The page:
qE has been studied by researchers from a broad range of fields

qE has been studied by researchers from a broad range of fields. This diversity of approaches has led to a wide variety of theoretical and experimental tools that have been valuable in studying qE. Fig. 1 To understand the mechanism of qE requires an understanding of the dynamics of the trigger, the membrane change, and the photophysical mechanism. The techniques Daporinad that are used to study the different aspects of the mechanism are listed below the respective process In this paper, we review the methods and techniques that have been used in qE research. These methods, though often developed and primarily used to study plants, can

be used to study qE in any photosynthetic organism, and many can be used to study any NPQ mechanism. We focus on the applications of these methods Cabozantinib order to samples that are capable of performing qE in response to light, such as thylakoids, chloroplasts, and whole leaves, and do not review many experiments done on isolated and aggregated proteins. For a review of experiments on isolated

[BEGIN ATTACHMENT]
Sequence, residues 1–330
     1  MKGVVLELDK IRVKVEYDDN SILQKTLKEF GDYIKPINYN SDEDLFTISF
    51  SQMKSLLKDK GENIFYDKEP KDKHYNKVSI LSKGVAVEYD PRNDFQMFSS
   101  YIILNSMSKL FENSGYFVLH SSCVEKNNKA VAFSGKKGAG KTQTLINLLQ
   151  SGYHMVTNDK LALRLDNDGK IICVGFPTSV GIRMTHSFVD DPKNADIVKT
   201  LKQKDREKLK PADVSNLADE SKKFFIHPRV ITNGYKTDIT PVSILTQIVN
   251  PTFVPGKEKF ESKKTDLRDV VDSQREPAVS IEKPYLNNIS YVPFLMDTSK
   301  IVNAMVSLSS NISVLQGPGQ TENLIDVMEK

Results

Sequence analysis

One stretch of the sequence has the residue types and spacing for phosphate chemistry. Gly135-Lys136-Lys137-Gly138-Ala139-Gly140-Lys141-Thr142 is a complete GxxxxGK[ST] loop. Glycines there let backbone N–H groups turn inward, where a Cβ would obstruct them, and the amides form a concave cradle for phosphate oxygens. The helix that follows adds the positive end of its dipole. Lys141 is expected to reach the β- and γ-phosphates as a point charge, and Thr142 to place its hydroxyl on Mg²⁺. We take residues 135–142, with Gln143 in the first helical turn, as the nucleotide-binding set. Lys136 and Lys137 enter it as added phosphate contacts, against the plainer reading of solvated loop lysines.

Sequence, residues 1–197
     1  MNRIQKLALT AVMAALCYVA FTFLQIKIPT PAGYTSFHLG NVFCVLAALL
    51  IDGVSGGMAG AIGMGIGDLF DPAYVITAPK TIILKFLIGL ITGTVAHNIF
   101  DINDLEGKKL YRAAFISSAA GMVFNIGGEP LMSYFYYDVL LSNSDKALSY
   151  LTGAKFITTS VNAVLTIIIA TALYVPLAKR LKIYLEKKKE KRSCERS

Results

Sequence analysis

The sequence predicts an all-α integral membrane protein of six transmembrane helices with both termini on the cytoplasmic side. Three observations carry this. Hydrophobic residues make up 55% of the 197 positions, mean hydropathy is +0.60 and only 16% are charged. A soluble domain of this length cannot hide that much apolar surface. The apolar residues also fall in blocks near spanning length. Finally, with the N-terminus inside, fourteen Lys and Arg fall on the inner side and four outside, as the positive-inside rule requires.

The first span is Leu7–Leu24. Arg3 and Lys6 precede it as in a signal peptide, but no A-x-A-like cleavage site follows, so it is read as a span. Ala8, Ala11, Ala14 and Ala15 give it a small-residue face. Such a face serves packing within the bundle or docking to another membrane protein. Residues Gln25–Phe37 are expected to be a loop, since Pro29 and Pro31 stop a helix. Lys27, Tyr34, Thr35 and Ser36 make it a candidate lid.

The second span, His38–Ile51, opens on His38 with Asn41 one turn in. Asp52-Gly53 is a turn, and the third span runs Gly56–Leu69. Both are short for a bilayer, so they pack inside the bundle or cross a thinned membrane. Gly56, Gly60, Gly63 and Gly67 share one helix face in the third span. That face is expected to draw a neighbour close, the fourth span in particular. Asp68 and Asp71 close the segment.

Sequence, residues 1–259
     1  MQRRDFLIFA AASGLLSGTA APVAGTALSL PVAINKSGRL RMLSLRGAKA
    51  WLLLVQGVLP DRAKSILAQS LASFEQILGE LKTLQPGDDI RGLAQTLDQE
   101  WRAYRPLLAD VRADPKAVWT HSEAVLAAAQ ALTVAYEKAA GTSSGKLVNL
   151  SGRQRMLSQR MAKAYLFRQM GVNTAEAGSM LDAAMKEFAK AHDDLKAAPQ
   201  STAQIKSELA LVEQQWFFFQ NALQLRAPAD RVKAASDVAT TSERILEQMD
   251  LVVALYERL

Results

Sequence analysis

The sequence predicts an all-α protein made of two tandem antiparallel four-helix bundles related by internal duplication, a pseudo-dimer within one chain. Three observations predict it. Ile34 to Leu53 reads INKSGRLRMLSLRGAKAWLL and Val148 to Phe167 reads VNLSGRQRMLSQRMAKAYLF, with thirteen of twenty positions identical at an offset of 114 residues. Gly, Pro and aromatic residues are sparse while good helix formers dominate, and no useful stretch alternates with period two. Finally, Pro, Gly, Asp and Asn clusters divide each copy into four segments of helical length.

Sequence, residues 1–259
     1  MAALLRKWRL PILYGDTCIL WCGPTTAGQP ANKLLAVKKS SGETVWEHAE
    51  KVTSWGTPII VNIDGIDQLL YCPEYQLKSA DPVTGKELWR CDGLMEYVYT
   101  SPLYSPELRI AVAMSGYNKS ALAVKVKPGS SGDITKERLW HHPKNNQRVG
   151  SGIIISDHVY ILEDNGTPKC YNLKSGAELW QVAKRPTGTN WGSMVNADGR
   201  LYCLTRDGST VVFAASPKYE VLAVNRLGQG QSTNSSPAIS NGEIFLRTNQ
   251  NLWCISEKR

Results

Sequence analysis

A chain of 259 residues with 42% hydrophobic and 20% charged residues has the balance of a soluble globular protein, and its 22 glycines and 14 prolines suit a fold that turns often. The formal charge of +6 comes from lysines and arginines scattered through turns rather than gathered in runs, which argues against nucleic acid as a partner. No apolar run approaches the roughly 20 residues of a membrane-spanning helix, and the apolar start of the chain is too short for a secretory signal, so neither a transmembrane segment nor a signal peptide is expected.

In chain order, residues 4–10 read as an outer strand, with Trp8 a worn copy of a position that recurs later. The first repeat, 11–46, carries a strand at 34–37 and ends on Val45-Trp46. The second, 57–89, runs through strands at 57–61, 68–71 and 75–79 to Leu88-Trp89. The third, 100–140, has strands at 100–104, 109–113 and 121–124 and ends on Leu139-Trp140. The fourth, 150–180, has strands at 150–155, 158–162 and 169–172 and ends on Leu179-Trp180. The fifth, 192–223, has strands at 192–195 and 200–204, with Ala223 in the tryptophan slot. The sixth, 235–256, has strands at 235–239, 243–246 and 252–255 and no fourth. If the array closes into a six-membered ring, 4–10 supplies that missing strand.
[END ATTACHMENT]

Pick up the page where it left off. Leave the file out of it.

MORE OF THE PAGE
complexes, see Ruban et al. (2012). We also limit the scope of this review to the application of these methods to qE in plants, although other organisms, such as cyanobacteria, also exhibit NPQ processes that have similarities with qE. Some methods, such as the use of fluorescence yield measurements, chemical inhibitors, and qE mutants, have been used to extract information about all parts of the qE process: the trigger, membrane change, and photophysical mechanism of quenching. We discuss the use of these methods, as well as their strengths and limitations, in the “General tools for the study of qE” section. In the “Triggering of qE” section, we discuss the current understanding of the trigger by reviewing methods and models for correlating qE with the lumen pH. We discuss the techniques used to monitor membrane changes and to identify the quenching site(s) and photophysical mechanism(s) of NPQ in the “Formation Temsirolimus of qE in the grana membrane” section. Finally, in the “New tools for characterizing

qE in vivo” section, we discuss the development of measurements and techniques to study the dynamics of qE in vivo. General tools for the study of qE Discovery and early studies of qE qE was first observed in fluorescence studies of isolated chloroplasts subjected to chemical treatments. The amount of chlorophyll fluorescence was found to depend on the pH of the lumen. Figure 3 illustrates the series of experiments performed by Murata and Sugahara (1969) and Wraight and Crofts (1970). Chloroplasts were first treated with dichlorophenyl-dimethylurea (DCMU), which inhibits electron transfer at PSII and prevents photochemical quenching. Because excited chlorophyll could not be quenched photochemically (by charge separation at the RC), a high level of fluorescence was observed.

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